Personal Finance

An Introduction to XPO Logistics and Rollups

By following an aggressive acquisition strategy known as a rollup, XPO Logistics (NYSE: XPO) has grown its revenue by 100 times in recent years.

In the following segment from Industry Focus: Energy , Motley Fool Asset Management's Bill Barker and host Nick Sciple discuss how Barker discovered XPO, the advantages and risks of a rollup strategy, and the basics of XPO's business.

A full transcript follows the video.

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This video was recorded on Feb. 28, 2019.

Nick Sciple: This week we're answering a listener question from Peter F. Smith. He says he listens to way too many Motley Fool podcasts, has been investing since he was a teenager. He wants us to talk about XPO Logistics. He says it's a pick in one or more of The Motley Fool funds and ETFs. He just read their transcript from the last conference call and couldn't square what was said by management with the recent movement in the stock.

Well, Bill Barker is from MFAM Funds and has been falling XPO Logistics for a little while. Bill, before we dive into this company, when I was talking to you last week as we were getting ready to record this episode, you had a very interesting story about how you came across this company. It's indicative of how you always have to have your nose out for opportunity. Can you talk to us a little bit about how you first encountered XPO Logistics?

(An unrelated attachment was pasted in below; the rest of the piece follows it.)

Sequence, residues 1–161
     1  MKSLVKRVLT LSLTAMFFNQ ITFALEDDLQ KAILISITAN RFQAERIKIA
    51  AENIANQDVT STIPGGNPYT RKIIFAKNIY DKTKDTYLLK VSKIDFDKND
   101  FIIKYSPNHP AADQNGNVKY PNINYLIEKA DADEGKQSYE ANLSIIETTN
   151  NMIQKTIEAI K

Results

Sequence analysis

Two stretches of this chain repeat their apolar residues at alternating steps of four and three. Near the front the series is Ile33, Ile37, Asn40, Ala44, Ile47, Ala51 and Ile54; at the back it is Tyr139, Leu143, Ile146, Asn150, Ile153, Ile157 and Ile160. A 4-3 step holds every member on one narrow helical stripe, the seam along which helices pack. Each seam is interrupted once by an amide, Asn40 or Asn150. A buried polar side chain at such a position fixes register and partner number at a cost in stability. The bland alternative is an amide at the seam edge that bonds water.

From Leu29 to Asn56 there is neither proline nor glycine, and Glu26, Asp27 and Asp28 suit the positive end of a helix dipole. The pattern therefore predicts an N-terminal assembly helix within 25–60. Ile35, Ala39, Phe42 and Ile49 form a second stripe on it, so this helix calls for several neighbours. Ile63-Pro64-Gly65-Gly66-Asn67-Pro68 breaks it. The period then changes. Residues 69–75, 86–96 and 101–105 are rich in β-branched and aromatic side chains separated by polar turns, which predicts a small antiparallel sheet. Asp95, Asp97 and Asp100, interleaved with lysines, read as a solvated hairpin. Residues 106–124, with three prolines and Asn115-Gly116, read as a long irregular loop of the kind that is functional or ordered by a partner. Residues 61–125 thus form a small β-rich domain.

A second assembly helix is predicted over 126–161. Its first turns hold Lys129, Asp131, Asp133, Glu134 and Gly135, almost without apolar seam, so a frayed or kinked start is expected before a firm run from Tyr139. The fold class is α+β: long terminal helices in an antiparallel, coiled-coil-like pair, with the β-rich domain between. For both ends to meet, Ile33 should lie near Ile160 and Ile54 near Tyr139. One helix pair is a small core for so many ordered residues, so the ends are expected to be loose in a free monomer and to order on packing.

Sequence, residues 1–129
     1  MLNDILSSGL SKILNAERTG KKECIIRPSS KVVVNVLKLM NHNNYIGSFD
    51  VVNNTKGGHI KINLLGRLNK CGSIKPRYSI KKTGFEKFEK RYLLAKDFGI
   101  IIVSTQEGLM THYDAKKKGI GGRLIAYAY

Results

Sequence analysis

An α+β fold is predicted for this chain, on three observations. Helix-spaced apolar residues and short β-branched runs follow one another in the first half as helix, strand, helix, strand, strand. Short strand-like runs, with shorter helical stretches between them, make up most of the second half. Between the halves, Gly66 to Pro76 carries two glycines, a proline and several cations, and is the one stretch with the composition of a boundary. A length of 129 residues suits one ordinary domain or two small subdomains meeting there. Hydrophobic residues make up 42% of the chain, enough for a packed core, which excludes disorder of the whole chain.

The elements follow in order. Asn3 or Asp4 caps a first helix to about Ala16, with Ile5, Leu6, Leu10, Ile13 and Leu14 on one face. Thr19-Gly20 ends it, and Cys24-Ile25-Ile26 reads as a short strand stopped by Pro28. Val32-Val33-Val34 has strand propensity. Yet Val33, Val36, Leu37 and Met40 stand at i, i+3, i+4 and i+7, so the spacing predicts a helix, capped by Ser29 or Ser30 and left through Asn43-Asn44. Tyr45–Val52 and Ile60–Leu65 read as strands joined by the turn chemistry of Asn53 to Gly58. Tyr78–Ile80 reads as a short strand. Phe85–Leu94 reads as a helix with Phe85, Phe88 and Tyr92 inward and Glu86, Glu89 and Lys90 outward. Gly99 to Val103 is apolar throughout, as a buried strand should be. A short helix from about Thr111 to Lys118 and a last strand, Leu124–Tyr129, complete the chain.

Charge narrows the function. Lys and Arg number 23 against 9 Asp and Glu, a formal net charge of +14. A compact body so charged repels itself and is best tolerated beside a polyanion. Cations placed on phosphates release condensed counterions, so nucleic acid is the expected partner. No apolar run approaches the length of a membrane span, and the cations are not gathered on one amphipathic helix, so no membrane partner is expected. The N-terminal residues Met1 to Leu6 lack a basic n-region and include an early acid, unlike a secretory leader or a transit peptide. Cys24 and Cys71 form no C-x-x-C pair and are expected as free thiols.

Bill Barker: Sure. I spend most my time on the funds that we have, MFAM Funds. Back in 2012, I went to a conference in New York hosted by Credit Suisse , I believe. Their normal conference mechanics are, there are a bunch of tracks where you go into one room or another to listen to management presentation. I had a certain presentation that I wanted to hear in one of the four rooms during the, let's call it the 02:30 to 03:00 block. Then, the 03:00 block, I didn't have anything that I was particularly interested in seeing, so I just stayed in my seat for the next presentation, which was XPO Logistics. And it was just a series of letters and the word "logistics." I thought it couldn't possibly be interesting, but easier to just stay in my seat than go walk into a different room.

It turned out that they were giving a presentation -- this was in 2012 -- on their plans for growth, and Bradley Jacobs' history in executing roll-ups in other industries, and the attractiveness of doing it at the time, strictly in truck brokerage. And the growth numbers through a roll-up strategy that they were projecting seemed hard to believe. I'll just say that what they've done since then is far bigger a growth roll-up strategy than they were presenting even back then.

Sciple: For our listeners who may not be familiar with what a roll-up strategy is and what it entails, can you explain that in general terms, for someone who's new to that term?